"That's a fetching tin-foil hat you have on, my friend."
The kids were doubled over in the back, vomiting. We’d arrived in Paris that morning, only to discover that my loathing of a child’s griping is eclipsed only by the stench of half-digested Roquefort, which was having a soggy rendezvous with the rear floorboards. The rented Peugot, a name which now seemed quite appropriate, transformed from fuel-efficient adventure-temple into a mobile bastille of whine and cheese, while I knew, like the Harlem Renaissance poet Countee Cullen knew, that I must “hide the heart that bleeds, and wait, and tend our agonizing seeds.”
Eddie Cullen lives in a temple of self-loathing out by the airport—a gray little studio above a porn store that still stinks from the dumpster fire some kids lit last week for no reason at all. He lies in bed most days, listening to the jets clawing their way, turbines screaming, up into the sky. There’s a poster of Paris on the wall. He hung it there when he first moved in, when this was just a temporary stop. It was important to him once, but now, lighting his last cigarette, he can’t remember why.
“I only wanted—” she stopped, sighing in a way that filled me with loathing. Her eyes were closed, as if she was sleeping again, dreaming when she was supposed to be taking care of the kids.
Now Cullen was dead. She was dreaming of Paris when he fell from the tree and broke his neck.
I eyed the lamp next to her. Just one blow, I thought. One blow and―
I stopped. Shaking, afraid of what I might do. I put on my coat and walked to the temple, taking cold comfort from the solitude.
Paris Cullen, the twelve year old daughter of Patricia and John Cullen, was walking home with her friend Brittany Shea from the matinee screening of ‘Food and Loathing’ when she was kidnapped. Brittany reported seeing a black Grand Am parked at the curb, or a white van, or two men in a potato chip delivery truck. John Cullen worked as a projectionist at the movie theatre and gave his daughter and her friend free passes to Saw IV, but they chose instead to watch Food and Loathing, which Cullen described as surprising. Brittany reported that Paris was excited during the screening, and spoke of her new boyfriend, whom she alternately called Jurgen and Temple and Grady. Patricia Cullen found her daughter’s body four days later, in the dumpster outside of the McCallister Construction office on West Elm Street, where Mrs. Cullen worked part-time as an accountant. When Paris was found, her body showed signs of strangulation, with a fracture of the hyoid bone. She had been anally and vaginally raped. There were cigarette burns on the back of her neck and the palm of her left hand. She was fully dressed except for her red lowtop Converse sneakers, which were found on the ground outside the dumpster.
Cullen walked into his personal temple of loathing. Disneyland Paris was packed.
The big eared headband was already digging into his headache when the first tantrum of the day approached.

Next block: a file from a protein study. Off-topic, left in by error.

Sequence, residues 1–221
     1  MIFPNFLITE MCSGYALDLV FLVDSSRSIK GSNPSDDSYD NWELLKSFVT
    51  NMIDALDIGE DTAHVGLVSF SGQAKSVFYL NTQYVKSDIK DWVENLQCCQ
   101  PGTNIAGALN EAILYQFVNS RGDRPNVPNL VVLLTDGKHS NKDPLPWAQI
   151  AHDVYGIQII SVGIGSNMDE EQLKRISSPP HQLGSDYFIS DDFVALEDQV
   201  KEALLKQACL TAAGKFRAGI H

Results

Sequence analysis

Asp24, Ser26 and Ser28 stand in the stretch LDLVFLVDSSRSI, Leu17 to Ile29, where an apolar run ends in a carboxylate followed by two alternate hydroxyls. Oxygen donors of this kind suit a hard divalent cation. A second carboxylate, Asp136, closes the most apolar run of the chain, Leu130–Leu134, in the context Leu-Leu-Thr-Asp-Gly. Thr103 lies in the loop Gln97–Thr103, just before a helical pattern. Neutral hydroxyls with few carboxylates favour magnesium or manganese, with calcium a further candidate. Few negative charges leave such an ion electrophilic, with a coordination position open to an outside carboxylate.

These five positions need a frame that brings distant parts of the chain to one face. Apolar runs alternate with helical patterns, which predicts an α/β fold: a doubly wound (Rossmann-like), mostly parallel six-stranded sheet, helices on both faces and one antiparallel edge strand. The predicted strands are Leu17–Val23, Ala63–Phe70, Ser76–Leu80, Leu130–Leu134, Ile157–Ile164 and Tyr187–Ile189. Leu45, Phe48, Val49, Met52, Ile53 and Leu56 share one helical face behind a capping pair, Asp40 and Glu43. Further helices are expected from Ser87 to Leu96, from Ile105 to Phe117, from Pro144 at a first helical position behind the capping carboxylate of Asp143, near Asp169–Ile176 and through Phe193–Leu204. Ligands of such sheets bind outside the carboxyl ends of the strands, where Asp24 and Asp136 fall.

One chainsaw would be one too many and much too few. The tipping point for Cullen was that it would be just as noisy.
So instead of starting a massacre, he handed over a cone that brought temporary peace. The kid would never know how much she owed to Jack Daniel's.
Paris dropped her kids off at the Cullen Street Loathing Temple in such a hurry that she neglected to get a receipt in exchange for them. She didn’t know how or even if the temple recycled their donations, and she didn’t much care. She was just thrilled to be rid of those damn children and their relentless demands for food, for clothing, for electronic gizmos. Sadly, her joy would only last until April, then she’d realize that in her haste, she had forgotten to get the documentation necessary for a deduction.
Make it lemon meringue, says Dave.
Got none, says Rhonda. Youngest Cullen kid stole it. Right outta the pie case.
An entire pie?
Yep. Hopped up on drugs. Thinks lemon meringue will cure whatever ails him. Rhonda slaps her ordering pad down onto cracked formica.
Kids, says Dave and eyes up the glass pie case revolving at the end of the counter, a sweet pastry temple.
Bloated raisins. Dave is filled with loathing. Just coffee, black.
Small town sheriff in hot pursuit of pie thief, thinks Dave and wonders if he’ll ever get out of Paris, Texas.
It was a rainy evening as Edward and Bella Cullen looked down at their sleeping kids. The hotel was close enough to look out over the square and see the most famous landmark of Paris, the Eiffel Tower.
When Alice got back from Temple to watch the kids they could go out for a romantic dinner.
There would be no loathing of the French cuisine out of respect for the country they were visiting. They would pretend to eat all the gourmet food put before them and then they would dance the night away under the stars.
It was funny her mother named her Paris since she’d never traveled They'd stayed in this same small town for their whole lives, although they both loathed it.
Tommy Cullen swore in their youth he'd swipe her off her feet and carrying her far away. Whispering sweetly on those hot nights of how he wanted kids and everything. That was a lifetime ago.
Now she spends much of her time at the temple praying for having ever succumbed to the charms of such a snake, which is the reason she decided to rename herself, “Eve.”
Paris at Twilight
“Damn kids,” I muttered, loathing Paris for a moment. It used to be my temple, but now it’s a playground for every American kid abroad. Now that I think about it, they don’t give a shit about banquettes and croissants, they just want to see Edward Cullen. Maybe it’s him they want to take a bite out of. Now, that I think about it, I’ll take a quick bite too.